Do you feel knowledgeable about personal finance? Do you feel confident about making financial decisions? Are you comfortable setting financial goals and developing a plan to reach those goals? Do you have time to create and follow this plan? Do you have time to manage your investments? Are you comfortable with your current debt level, and with making debt management decisions? If you answered no to any of these questions, you might consider hiring a professional financial advisor.
What do you need in a Financial Advisor?
First, decide what services are needed. Potential needs include tax preparation; bookkeeping and/or accounting; financial products and services, such as investments and insurance; legal assistance; long-term planning for retirement; or estate planning. It also could be some combination of these services. Common types of financial advisors providing these services include accountants, attorneys, bank trust officers, Certified Public Accountants, enrolled tax agents, financial planners, insurance agents and stock brokers.
Finding an Advisor
One way to find a professional service provider is by speaking with friends, family, business associates and other professionals about financial advisors with which they have worked. Discuss their experience with the advisor and what they liked and disliked about working with that person. Professional association directories are another source for locating professionals in specific locations that specialize in the areas where services are needed.
Professional associations include:
National Association of Personal Financial Advisors
American Institute of Certified Public Accountants
Financial Planning Association (FPA)
Society of Financial Service Professionals
Certified Financial Planner Board of Standards
Meeting with a Potential Advisor
Schedule a meeting or phone interview after finding potential candidates. Ask about how the cost of the session will be structured. It is good to know whether you will pay by the hour or by the consultation. It is helpful to prepare a list of questions to help learn about the candidate. Ask about professional memberships, time in the profession, length of time at the firm and history of the firm. Find out what percentage of clients have similar needs as you. For example, an agricultural producer can ask if they have other clients who are farmers and ranchers, what size operations their agricultural clients have and other relevant experience. Determine if the advisor has other clients in similar age and income brackets. Question the advisor about their investment philosophy and attitude towards financial risk. If they will be part of a team of professionals advising on financial matters, ask the candidate about their experience working with other professionals. Ask what services a client can expect from them and how often they meet with their clients to discuss progress. Question candidates about the cost of services and if the advisor will be held to a fiduciary standard. Find out if they are compensated by fees for specific services, commissions on products sold or a combination of both. Ask about written contracts with the advisor. Finally, ask if there are any restrictions on terminating the advisor’s services.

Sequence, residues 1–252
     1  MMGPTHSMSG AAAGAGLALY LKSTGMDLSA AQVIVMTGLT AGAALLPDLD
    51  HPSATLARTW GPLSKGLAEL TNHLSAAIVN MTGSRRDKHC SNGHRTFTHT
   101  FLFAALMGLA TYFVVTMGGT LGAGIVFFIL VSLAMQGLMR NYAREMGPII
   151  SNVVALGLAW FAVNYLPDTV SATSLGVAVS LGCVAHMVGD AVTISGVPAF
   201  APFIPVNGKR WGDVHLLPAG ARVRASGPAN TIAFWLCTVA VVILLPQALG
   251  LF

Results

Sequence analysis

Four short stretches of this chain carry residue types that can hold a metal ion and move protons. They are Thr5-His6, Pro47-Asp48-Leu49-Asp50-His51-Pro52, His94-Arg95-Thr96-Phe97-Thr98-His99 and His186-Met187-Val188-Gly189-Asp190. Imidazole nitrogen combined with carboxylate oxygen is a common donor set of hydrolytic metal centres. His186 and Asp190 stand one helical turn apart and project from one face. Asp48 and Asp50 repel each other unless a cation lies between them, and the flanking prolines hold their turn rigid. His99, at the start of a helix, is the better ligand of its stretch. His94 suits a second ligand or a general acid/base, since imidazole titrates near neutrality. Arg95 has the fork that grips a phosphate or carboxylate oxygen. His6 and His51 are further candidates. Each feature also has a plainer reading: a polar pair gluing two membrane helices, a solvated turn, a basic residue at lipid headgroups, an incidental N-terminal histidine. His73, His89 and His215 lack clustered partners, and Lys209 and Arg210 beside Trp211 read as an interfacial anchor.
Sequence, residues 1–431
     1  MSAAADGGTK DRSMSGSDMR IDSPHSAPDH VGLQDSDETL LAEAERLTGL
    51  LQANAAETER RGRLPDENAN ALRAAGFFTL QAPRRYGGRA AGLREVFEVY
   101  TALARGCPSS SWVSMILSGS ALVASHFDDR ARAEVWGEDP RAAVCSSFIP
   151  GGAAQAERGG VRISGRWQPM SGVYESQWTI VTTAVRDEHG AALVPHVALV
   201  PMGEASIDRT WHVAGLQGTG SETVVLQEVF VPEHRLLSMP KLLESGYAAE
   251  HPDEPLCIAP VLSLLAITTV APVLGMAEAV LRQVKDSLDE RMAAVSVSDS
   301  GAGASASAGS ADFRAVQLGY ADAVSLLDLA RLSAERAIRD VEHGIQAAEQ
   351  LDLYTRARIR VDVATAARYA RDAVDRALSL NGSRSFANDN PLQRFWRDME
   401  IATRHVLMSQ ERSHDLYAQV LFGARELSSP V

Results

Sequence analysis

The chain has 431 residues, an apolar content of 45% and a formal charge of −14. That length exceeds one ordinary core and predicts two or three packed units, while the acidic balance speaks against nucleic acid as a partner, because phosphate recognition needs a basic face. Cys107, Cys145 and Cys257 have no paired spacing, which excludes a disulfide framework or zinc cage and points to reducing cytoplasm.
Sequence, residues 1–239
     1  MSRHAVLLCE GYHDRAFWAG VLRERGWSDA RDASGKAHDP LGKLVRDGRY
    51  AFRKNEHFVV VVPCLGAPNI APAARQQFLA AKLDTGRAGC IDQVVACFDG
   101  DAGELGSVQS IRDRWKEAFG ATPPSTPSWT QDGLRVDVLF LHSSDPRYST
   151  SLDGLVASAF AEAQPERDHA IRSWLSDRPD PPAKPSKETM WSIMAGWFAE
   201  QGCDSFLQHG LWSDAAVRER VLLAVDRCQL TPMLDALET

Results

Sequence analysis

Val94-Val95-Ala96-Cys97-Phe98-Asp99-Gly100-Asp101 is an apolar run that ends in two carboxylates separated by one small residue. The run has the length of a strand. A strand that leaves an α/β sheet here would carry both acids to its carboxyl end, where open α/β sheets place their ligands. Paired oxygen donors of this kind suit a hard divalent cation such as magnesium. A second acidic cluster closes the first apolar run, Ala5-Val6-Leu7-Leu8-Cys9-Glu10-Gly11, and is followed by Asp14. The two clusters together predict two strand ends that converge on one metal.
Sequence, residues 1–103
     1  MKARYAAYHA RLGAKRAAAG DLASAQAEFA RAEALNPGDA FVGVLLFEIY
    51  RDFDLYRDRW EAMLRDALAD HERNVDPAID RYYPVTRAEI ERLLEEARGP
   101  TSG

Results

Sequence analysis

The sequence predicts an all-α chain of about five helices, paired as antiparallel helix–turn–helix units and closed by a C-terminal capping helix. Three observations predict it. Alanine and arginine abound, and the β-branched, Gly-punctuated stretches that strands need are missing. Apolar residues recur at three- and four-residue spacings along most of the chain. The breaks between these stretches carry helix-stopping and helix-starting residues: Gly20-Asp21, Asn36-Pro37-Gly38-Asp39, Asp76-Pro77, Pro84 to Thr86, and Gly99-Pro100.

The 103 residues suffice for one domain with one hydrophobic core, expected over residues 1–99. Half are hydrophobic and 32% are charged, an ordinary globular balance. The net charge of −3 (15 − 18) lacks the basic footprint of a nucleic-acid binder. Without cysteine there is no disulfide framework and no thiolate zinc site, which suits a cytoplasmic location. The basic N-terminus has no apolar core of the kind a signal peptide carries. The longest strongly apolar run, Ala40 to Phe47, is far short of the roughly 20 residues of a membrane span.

Find out what education and training the advisor has completed and if they have written or presented on topics of their expertise. Ask how often they attend continuing education seminars or other trainings and find out what credentials and licenses the advisor holds. The organizations that provide these credentials can also provide a record of any disciplinary action taken against the advisor. Check to ensure the advisor still holds these credentials and is in good standing with the organization before hiring them. The Securities and Exchange Commission, state securities regulators or the Certified Financial Planner Board of Standards may provide oversight of financial advisors or planners. Obtain at least three references from the advisor during the meeting. Contact these reference clients about how the advisor worked with them. It is a good idea to ask these references for other clients to speak with as well regarding their experience with the advisor.